Monday, March 24, 2014

Promoting Science and Technology in Higher Education: it is about time...

As the World Bank in conjunction with the Rwandan government hosted on March 12-13, 2014 in the Rwandan capital city Kigali, the first ever high-level forum focusing on the promotion of science, technology and innovation in higher education system, the quality education described to be among other main factors affecting implementation of these commitments' success or failure likelihood seem very much on the rise.
While a evidence of how African government are engaging the private sector to invest strategically in science, technology, and engineering education in a move to accelerate Africa’s progress is still a big challenge,  so does the issue to reform tertiary education systems.

The lack of quality education and technology transfer that can contribute in reducing poverty by transferring technical skills to rural people, and which is described to be among other factors describing this situation in some higher learning in Africa may explain why some universities of science and technologies are lagging behind when compared to their counterparts.

Science, Technology and Innovation to me meant that governments were more aware of one another's needs to transform higher education system in Africa to energize and unlock the minds for promising economic prospects in order to increase the continent's competitiveness.

It meant that African governments still have a critical role to play in supporting and stimulating private sector investment to accelerate the continent’s progress into a developed, knowledge-based society within a generation.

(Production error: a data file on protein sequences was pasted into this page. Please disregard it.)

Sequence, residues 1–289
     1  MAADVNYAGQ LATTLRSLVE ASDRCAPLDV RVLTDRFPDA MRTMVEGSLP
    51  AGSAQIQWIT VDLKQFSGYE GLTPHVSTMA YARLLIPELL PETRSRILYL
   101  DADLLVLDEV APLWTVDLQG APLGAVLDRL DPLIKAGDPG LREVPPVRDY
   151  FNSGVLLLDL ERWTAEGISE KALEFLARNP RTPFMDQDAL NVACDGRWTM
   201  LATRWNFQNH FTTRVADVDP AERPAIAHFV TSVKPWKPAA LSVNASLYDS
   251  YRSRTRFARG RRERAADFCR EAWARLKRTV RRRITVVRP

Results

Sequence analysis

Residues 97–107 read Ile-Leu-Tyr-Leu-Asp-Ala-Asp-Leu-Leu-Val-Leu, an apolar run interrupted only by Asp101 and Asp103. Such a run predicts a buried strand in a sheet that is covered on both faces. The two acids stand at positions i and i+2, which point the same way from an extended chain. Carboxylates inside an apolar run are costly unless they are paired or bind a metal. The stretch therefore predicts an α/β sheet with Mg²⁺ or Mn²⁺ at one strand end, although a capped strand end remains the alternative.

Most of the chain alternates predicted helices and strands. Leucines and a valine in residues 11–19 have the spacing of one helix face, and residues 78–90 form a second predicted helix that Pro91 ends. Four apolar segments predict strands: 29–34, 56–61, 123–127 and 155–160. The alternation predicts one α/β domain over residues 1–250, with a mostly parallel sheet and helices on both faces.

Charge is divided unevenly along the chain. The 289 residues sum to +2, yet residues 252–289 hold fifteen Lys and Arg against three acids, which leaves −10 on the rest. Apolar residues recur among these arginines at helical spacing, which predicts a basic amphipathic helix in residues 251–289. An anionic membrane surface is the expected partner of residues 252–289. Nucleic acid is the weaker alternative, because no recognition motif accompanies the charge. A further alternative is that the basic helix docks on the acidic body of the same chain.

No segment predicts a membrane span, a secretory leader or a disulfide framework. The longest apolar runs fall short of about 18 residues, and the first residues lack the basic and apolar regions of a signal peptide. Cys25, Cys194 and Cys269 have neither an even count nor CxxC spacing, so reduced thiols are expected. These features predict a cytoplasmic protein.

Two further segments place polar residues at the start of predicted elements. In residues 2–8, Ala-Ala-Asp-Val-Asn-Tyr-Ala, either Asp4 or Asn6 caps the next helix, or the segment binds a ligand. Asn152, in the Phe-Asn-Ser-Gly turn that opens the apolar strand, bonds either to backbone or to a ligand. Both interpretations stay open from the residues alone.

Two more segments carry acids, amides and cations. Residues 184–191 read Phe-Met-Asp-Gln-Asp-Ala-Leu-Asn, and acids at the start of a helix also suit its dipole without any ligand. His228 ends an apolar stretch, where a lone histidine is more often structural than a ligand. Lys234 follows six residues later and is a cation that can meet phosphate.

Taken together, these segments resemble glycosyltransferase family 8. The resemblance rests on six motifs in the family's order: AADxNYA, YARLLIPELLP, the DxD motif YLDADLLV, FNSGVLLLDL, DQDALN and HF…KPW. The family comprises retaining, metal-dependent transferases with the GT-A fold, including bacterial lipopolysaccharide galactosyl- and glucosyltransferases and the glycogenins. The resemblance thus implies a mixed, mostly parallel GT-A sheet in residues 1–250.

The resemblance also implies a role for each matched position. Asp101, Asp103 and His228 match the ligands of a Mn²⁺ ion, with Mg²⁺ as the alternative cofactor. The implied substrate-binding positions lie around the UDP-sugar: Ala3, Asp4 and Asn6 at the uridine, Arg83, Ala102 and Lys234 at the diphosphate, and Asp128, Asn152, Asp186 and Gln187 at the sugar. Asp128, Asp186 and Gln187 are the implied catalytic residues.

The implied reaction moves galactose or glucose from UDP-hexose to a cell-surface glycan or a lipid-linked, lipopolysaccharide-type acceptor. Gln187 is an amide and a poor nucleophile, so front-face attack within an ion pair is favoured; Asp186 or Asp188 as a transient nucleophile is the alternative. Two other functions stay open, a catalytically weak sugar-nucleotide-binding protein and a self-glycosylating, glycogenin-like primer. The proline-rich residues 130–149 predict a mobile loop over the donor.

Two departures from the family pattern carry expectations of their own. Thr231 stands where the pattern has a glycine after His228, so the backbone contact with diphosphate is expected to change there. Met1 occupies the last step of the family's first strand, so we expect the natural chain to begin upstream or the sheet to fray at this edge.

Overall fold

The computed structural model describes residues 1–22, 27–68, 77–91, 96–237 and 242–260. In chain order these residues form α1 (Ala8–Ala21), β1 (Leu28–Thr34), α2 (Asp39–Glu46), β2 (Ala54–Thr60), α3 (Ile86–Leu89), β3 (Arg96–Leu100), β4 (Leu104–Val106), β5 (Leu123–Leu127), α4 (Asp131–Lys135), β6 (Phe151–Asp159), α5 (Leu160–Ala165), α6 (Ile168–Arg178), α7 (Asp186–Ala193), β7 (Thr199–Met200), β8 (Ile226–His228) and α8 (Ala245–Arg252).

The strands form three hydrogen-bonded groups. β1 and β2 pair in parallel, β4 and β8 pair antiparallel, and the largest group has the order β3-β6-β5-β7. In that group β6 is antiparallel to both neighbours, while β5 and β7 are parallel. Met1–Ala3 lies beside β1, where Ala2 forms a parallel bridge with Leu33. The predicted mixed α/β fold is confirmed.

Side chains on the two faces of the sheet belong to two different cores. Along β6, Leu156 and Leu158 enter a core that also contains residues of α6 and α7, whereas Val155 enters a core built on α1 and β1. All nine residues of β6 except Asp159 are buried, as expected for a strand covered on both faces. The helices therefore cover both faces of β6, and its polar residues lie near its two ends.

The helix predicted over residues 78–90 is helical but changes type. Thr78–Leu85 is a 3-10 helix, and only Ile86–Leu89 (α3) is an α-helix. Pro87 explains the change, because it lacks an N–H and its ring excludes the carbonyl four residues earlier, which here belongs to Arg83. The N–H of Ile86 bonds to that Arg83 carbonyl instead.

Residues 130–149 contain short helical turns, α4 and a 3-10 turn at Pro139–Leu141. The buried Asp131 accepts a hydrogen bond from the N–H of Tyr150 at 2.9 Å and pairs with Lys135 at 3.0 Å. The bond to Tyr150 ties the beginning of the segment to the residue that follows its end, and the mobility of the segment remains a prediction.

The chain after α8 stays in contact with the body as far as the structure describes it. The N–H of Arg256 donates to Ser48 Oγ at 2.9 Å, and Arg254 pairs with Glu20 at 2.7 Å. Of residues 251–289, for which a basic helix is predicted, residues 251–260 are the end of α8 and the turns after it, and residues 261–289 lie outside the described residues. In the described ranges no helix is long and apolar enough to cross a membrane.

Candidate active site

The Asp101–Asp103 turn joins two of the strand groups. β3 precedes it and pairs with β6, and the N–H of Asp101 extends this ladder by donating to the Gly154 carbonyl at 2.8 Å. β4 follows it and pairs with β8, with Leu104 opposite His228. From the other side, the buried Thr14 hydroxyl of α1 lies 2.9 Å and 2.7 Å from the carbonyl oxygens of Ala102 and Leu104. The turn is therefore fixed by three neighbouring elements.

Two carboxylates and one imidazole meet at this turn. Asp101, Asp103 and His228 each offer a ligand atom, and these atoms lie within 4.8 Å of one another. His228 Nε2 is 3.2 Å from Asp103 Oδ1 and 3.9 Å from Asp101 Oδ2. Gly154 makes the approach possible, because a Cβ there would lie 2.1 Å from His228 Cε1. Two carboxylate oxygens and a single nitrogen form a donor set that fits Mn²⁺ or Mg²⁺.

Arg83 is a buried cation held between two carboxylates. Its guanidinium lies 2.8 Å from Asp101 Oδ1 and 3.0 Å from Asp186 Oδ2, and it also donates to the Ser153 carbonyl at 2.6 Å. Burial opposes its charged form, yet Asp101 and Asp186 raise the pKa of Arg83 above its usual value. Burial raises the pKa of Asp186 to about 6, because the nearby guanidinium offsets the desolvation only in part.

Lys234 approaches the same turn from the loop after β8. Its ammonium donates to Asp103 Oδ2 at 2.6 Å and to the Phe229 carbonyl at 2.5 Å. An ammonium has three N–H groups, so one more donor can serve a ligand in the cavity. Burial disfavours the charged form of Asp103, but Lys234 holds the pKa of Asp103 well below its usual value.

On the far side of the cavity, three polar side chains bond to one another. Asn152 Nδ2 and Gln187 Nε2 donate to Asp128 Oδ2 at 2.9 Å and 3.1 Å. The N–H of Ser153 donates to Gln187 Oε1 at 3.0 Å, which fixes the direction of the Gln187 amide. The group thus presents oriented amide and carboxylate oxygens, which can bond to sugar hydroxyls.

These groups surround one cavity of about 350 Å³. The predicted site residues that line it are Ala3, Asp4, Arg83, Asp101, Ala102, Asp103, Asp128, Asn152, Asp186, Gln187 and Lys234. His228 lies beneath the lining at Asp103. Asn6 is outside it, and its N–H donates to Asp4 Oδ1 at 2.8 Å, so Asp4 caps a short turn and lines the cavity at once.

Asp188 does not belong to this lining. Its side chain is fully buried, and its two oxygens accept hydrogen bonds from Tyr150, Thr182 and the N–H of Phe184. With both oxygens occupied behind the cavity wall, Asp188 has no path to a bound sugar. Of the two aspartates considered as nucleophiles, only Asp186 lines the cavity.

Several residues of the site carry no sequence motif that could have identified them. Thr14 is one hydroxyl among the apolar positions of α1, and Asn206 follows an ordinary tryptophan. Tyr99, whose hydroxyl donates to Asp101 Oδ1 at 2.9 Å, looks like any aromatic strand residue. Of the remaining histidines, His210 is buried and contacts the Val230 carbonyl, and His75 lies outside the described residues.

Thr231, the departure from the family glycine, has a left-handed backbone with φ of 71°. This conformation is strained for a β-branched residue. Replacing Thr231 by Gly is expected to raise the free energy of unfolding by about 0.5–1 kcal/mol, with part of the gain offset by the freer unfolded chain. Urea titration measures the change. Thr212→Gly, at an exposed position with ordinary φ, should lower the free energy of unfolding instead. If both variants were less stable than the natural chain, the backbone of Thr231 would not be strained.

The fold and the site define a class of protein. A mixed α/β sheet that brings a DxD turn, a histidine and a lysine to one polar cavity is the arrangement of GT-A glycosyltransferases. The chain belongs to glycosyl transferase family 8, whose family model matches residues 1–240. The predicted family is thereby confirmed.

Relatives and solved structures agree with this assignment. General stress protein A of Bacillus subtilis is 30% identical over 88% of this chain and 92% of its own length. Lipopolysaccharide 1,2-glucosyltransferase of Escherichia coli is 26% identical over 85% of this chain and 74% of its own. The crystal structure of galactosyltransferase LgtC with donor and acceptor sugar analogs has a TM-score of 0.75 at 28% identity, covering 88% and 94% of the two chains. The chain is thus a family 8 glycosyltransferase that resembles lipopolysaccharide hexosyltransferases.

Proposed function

Credit: Hope Rwanda Magazine
However the education system that is most common in  the large majority of universities and higher learning institutions across the whole African continent are still fully relying on government and other partners' funding instead of mobilizing their own resources.

Most experts, including both scientists, engineers, and technicians who were attending the high-level forum on science and technology in higher education, believe that believed that there was a need to invest strategically in this area as a move to accelerate Africa’s progress into a developed, knowledge-based society within a generation.

Indeed, with the current expansion of higher education enrollment in science, and technology, these imperatives should go hand in hand with inter-university collaboration to encourage competitiveness while promoting innovation while focusing on the need of local population.

Unfortunately, the paramount challenge facing African universities of science and technology has been the issue to develop their research capability as well as the lack of direct technology transfer in order to actively contribute to the development of the societies in which they live. END

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